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Why are apple products....
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Mar 5, 2007, 02:27 PM
 
so expensive? I am doing a research paper on why apple products are expensive compared to PCs. I have found next to nothing on why they are expensive; just that they ARE expensive. If you could give me a few FACTS or a web address that would be great!
     
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Mar 5, 2007, 02:40 PM
 
Originally Posted by homeruntilly View Post
so expensive? I am doing a research paper on why apple products are expensive compared to PCs. I have found next to nothing on why they are expensive; just that they ARE expensive. If you could give me a few FACTS or a web address that would be great!
How deep will this paper go? Ticket price? It's what Apple thinks people will pay for their product perhaps? Expensive in ownership? Expensive in software purchases? Expensive in time? Expensive in commitment?


What are you looking for?
     
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Mar 5, 2007, 02:42 PM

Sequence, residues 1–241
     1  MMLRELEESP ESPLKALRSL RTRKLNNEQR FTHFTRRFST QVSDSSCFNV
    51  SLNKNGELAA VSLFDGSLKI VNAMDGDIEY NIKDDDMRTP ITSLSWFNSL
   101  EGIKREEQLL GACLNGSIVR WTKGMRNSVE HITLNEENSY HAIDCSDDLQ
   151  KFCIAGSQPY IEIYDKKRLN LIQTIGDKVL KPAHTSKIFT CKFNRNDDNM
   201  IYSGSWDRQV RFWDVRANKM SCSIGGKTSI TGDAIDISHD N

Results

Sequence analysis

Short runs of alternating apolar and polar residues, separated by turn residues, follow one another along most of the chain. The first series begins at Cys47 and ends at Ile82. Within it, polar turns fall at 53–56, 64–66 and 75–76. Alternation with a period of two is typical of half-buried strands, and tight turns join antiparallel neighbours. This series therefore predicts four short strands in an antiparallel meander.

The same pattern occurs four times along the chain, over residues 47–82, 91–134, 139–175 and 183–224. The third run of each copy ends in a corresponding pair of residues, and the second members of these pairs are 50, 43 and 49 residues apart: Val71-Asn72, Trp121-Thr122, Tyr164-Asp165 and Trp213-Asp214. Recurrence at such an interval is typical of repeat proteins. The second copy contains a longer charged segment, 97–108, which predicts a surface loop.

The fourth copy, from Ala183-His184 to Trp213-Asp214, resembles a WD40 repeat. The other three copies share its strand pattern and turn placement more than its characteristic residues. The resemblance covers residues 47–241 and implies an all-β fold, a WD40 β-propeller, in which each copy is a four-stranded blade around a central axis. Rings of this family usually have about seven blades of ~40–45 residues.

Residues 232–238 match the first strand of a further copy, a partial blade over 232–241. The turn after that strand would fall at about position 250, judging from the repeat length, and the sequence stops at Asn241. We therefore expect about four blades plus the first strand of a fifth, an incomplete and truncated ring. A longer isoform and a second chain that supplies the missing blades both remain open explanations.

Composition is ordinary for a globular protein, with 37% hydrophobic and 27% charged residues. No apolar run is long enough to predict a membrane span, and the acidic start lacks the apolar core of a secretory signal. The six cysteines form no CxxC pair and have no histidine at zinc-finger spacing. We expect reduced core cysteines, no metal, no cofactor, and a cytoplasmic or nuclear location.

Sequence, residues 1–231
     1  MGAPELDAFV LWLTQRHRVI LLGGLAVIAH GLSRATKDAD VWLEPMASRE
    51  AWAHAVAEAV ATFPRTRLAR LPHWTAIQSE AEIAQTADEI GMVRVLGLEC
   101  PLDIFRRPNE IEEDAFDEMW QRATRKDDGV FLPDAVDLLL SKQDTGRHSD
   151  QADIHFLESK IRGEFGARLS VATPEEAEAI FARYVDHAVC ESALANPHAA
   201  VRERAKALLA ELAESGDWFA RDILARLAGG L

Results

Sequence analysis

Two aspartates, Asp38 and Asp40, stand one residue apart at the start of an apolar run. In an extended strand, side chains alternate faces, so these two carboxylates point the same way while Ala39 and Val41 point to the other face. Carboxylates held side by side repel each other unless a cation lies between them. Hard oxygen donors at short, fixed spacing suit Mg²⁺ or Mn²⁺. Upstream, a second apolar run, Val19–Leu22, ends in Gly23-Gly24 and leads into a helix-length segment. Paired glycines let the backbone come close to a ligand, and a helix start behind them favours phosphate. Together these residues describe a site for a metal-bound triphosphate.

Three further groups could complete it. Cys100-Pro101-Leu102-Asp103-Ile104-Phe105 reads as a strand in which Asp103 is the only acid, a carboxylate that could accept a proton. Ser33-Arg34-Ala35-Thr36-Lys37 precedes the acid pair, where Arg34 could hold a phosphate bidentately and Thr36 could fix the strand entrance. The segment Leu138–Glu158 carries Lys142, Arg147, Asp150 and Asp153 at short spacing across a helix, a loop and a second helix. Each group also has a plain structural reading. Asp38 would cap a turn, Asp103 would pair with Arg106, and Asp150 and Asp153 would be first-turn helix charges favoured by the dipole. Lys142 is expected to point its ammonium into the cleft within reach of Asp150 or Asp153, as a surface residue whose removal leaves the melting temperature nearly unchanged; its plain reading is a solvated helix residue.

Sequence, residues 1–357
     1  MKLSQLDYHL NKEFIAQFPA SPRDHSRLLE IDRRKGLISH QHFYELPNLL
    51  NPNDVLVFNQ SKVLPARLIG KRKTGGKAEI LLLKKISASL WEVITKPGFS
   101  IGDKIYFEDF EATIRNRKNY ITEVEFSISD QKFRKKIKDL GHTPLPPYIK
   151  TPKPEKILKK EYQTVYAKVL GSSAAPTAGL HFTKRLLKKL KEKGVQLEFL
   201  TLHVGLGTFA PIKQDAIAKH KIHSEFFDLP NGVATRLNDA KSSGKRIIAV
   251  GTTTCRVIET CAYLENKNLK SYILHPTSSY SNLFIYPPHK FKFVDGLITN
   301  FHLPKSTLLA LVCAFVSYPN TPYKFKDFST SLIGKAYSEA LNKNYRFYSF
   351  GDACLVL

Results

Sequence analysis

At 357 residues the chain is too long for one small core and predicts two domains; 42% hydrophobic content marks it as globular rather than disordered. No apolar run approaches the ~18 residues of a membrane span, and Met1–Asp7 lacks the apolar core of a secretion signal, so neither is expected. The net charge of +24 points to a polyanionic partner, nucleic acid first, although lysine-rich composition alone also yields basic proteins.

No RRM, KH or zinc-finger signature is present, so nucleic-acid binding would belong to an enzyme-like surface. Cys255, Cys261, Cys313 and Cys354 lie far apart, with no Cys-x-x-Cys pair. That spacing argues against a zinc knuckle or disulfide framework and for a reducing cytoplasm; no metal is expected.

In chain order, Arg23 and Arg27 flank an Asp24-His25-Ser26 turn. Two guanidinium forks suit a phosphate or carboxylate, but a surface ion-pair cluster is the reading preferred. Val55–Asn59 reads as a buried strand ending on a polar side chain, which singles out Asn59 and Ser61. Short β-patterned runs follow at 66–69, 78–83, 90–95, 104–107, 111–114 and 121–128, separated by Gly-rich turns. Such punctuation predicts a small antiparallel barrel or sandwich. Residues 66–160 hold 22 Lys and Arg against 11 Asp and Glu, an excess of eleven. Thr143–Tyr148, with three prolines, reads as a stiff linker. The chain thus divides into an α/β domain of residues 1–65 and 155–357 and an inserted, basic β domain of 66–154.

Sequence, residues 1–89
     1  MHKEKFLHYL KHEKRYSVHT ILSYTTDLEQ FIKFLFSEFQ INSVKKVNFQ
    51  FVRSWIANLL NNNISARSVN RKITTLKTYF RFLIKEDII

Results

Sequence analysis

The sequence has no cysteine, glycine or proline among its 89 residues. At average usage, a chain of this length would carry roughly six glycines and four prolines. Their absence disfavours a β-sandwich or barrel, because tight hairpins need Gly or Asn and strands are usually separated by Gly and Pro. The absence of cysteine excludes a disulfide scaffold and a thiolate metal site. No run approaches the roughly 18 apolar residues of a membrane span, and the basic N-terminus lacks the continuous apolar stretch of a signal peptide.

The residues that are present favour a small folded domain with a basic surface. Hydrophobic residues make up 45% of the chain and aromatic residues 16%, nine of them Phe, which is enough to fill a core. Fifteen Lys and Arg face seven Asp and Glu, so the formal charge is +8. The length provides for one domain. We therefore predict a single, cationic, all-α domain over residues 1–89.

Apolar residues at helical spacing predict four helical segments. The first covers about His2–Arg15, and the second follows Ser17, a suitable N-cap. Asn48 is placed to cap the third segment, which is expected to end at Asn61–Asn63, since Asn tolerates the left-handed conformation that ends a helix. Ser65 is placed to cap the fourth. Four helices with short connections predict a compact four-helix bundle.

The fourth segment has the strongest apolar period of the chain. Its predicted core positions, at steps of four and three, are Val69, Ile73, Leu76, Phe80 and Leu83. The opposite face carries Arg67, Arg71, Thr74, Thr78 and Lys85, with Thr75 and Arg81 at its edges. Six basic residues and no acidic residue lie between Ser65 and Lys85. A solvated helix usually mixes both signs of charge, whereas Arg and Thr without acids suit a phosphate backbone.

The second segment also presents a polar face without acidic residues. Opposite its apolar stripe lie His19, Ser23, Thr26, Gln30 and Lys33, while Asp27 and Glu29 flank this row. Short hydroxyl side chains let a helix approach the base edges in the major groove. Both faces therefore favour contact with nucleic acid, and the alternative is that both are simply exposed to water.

Basically, im doing expensive in general. The software, the products, not really expensive to run, but the main topic is WHY. The paper has to be 5-10 pages double spaced. im an 8th grades, so this isn't a college-level paper. I am pretty computer savvy so you dont have to explain what RAM and a HDD etc. is.
     
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Mar 5, 2007, 02:48 PM
 
Up-front costs are never the entire story when it comes to any complex "appliance" that will be used for years to come.

But, since you're asking a simple question, I'll give you a simple answer: Because people are willing to pay more for quality. Why do some people buy a Mercedes/BMW/whatever when a Camry or Civic will get you to the same place just as well?

Then again, you might be surprised to find that Mac Minis and MacBooks are relatively low-priced compared to the competition ...
     
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Mar 5, 2007, 02:54 PM